6. Nakajima H. [The pathophysiology and defense mechanism against superficial and subcutaneous fungal infection]. Nippon Ishinkin Gakkai Zasshi. 2005. 46(1):5-9. [Medline].

  7. Arenas R, Toussaint S, Isa-Isa R. Kerion and dermatophytic granuloma. Mycological and histopathological findings in 19 children with inflammatory tinea capitis of the scalp. Int J Dermatol. 2006 Mar. 45(3):215-9. [Medline].

  8. Steiner UC, Trüeb RM, Schad K, Kamarashev J, Koch S, French LE, et al. Trichophyton rubrum-induced Majocchi's Granuloma in a heart transplant recipient. A therapeutic challenge. J Dermatol Case Rep. 2012 Sep 28. 6(3):70-2. [Medline]. [Full Text].

  9. Liao YH, Chu SH, Hsiao GH, Chou NK, Wang SS, Chiu HC. Majocchi's granuloma caused by Trichophyton tonsurans in a cardiac transplant recipient. Br J Dermatol. 1999 Jun. 140(6):1194-6. [Medline].

  10. Sequeira M, Burdick AE, Elgart GW, Berman B. New-onset Majocchi's granuloma in two kidney transplant recipients under tacrolimus treatment. J Am Acad Dermatol. 1998 Mar. 38(3):486-8. [Medline].

  11. Tateishi Y, Sato H, Akiyama M, et al. Severe generalized deep dermatophytosis due to Trichophyton rubrum (trichophytic granuloma) in a patient with atopic dermatitis. Arch Dermatol. 2004 May. 140(5):624-5. [Medline].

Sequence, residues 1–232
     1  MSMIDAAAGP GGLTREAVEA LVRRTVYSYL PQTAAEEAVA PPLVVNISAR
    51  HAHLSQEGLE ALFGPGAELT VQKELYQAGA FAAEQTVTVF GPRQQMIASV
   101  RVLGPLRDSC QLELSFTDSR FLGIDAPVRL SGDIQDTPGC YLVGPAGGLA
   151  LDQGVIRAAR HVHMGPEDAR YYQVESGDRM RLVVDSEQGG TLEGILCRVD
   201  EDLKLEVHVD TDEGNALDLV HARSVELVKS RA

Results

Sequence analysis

12. Wang R, Hu Y, Tang H, Zhang T. Majocchi granuloma in a pregnant woman. Obstet Gynecol. 2014 Aug. 124(2 Pt 2 Suppl 1):423-5. [Medline].

  13. Lourdes LS, Mitchell CL, Glavin FL, Schain DC, Kaye FJ. Recurrent Dermatophytosis (Majocchi granuloma) Associated With Chemotherapy-Induced Neutropenia. J Clin Oncol. 2014 Jan 27. [Medline].

  14. Jacobs PH. Majocchi's granuloma (due to therapy with steroid and occlusion). Cutis. 1986 Jul. 38(1):23. [Medline].

  15. Gill M, Sachdeva B, Gill PS, Arora B, Deep A, Karan J. Majocchi's granuloma of the face in an immunocompetent patient. J Dermatol. 2007 Oct. 34(10):702-4. [Medline].

  16. Rallis E, Katoulis A, Rigopoulos D. Pubic Majocchi's Granuloma Unresponsive to Itraconazole Successfully Treated with Oral Terbinafine. Skin Appendage Disord. 2016 Feb. 1 (3):111-3. [Medline].